Star Walk takes the unique approach of combining a database of about 8000 stars (to magnitude 6.5) with a background image that shows many fainter stars (albeit blurred), as well as nebulosity. When you zoom all the way in (to a minimum field of 7°), you can distinctly see which stars are actually plotted from the database. You can also detect alignment errors between the plotted points and the background image. Star names are always shown when you're zoomed in, cluttering crowded fields like the Pleiades.

If you tap in the right place in this field, you can use the identification feature for deep sky objects to zoom in to a more magnified image of the Pleiades. The star names are then fully legible, but the alignment errors are even more apparent.

Identifying a Star

Star Walk can identify any star in its database, which seems to include all stars up to about magnitude 6.5. To identify an object you tap on it; a green circle surrounding the object then appears, with the name (if any) underneath. A green "i" button also appears at the top-left corner of the screen. Tapping this button has two effects: the screen zooms way in to show a magnified view of the object (which is useless for stars), and a popup appears at the left displaying some data. Tap the "i" again to hide the data and zoom back out.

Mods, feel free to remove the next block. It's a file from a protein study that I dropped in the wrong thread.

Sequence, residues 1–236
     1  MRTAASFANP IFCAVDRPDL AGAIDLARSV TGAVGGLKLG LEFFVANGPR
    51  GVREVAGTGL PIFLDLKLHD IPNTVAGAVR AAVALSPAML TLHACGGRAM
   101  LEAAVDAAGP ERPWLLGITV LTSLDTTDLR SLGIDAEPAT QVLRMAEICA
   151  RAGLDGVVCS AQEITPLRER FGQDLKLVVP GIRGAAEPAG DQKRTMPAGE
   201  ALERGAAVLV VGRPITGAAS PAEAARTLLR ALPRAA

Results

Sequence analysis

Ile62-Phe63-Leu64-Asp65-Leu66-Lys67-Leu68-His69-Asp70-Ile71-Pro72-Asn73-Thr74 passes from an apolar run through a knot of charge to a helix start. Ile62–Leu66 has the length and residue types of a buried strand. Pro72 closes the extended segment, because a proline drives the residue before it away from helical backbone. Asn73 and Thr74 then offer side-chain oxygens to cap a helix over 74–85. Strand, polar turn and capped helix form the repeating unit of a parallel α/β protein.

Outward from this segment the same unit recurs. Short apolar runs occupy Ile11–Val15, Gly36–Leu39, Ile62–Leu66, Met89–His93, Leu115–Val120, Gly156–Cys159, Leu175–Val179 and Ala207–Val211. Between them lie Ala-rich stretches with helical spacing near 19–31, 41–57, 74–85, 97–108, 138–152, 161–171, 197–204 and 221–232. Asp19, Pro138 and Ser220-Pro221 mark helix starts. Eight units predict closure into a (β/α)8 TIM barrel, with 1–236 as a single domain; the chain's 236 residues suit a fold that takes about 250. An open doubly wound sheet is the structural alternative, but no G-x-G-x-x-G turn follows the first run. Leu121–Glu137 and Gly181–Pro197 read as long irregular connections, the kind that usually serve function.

Planet Information

Star Walk draws the planets using photographic images from space, magnified to appear much larger than they would in the actual sky. You can learn more about them in the same way as for stars: Tap to get the green circle and the "i" button, then tap that button to get a full-screen view and a box of data. Notice that the data is mostly physical information about the planets, rather than about their appearance in our sky. Also notice the "W" button at the bottom of the data box, which is a link to the Wikipedia article about the planet. Using this link is pretty inconvenient, because it quits Star Walk and launches Safari.